In bid to boost marketing offerings, Snapchat pilots an ad platform

The social media app is in the planning stages of an API, which would give marketers access to more ads and ways to reach consumers.

Reaching younger consumers through Snapchat might become much easier.

Following in the footsteps of Facebook, Instagram and Twitter, Snapchat is purportedly opening an Application Platform Interface to offer marketers a better advertising experience.

Digiday reported that the API was in planning stages, with testing aimed for the spring. The API wouldn’t launch for several months, or even a year.

An API would enable Snapchat to offer brand managers more types of ads, including those with calls to action—which enable consumers to visit brands’ websites, buy products or install apps from a button on the ad.

Snapchat currently sells ads— including brand journalism space through its Discover feature —directly to brand managers and marketing agencies. However, last year Snapchat revealed that 60 to 70 percent of its users stopped watching ads after three seconds, Fast Company reported.

Along with more types of ads, an API would also help Snapchat better target its users—enabling brand managers to reach consumers of a certain age range or in a particular location—and offer more precise ad metrics, so that marketers can see what’s working (and what’s not).

Digiday explained why more social media platforms are turning to APIs to entice marketers and boost ad sales:

An API is a common development for major digital players. For instance, Instagram, piggybacking on Facebook’s technology, released its API last year with 41 partners, including Kenshoo, SocialCode, Nanigans, Adaptly, Adobe, Ampush, Salesforce and Sprinklr.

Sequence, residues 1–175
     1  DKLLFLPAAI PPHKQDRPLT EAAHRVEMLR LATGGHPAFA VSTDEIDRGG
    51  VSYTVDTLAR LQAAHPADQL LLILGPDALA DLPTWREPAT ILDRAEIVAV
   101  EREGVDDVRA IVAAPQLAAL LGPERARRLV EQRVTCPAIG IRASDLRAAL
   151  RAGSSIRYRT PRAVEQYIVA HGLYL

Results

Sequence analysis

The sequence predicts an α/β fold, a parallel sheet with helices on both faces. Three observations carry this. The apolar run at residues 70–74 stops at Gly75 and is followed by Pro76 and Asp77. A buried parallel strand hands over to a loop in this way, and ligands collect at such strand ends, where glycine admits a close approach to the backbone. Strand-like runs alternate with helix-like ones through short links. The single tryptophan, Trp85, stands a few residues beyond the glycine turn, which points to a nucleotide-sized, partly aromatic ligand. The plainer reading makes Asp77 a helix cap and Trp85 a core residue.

“The first thing an API does is allows them to create a partnered ecosystem that is technology driven,” said Sean O’Neal, president of Adaptly, which builds for all the major APIs. “There’s only so much that a company is going to be able to develop themselves as it relates to their own native ad solutions.”

Though an API would make buying ads easier on Snapchat, it also means decreased quality control.

For marketers, this highlights the shift toward content consumption on mobile devices. It also means online platforms and apps will become ever more crowded with brand messaging.

Marketers shouldn’t rely on certain technologies—such as success metrics or location targeting—instead of building a robust, cross-platform marketing strategy.

Mashable recently reported that half of all location data are inaccurate. The information is incorrect for multiple reasons:

The quality of GPS data, for example, can dramatically degrade indoors. While cell triangulation data can identify user location within a broad area such as a zip code or city, it tends to be less precise. Registration data is often limited in relevance to a mobile user’s home zip code and only at the moment of registration. And IP addresses can diverge significantly from the actual location of a mobile user. Only Wi-Fi data promises high levels of accuracy and precision with its ability to identify user location within 10 to 100 meters of a Wi-Fi signal.

Location-based mobile ads reaped $4.3 billion in revenues in 2014. BIA Kelsey Local Media Forecast said it expects that these revenues will grow to $18.2 billion in 2019, as more and more brand managers seek to pinpoint specific consumer groups.

As Snapchat—and additional social media platforms—make advertising more prevalent, marketers should continue to focus on creating stories, videos and images that are both relevant and valuable to their target audiences.

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